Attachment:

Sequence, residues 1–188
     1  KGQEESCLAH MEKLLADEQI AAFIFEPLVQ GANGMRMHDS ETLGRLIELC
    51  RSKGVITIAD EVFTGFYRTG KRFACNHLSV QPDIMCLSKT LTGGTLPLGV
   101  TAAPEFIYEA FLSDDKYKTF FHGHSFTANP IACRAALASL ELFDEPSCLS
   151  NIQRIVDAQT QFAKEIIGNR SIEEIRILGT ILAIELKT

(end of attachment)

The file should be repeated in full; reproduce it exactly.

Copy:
Sequence, residues 1–188
     1  KGQEESCLAH MEKLLADEQI AAFIFEPLVQ GANGMRMHDS ETLGRLIELC
    51  RSKGVITIAD EVFTGFYRTG KRFACNHLSV QPDIMCLSKT LTGGTLPLGV
   101  TAAPEFIYEA FLSDDKYKTF FHGHSFTANP IACRAALASL ELFDEPSCLS
   151  NIQRIVDAQT QFAKEIIGNR SIEEIRILGT ILAIELKT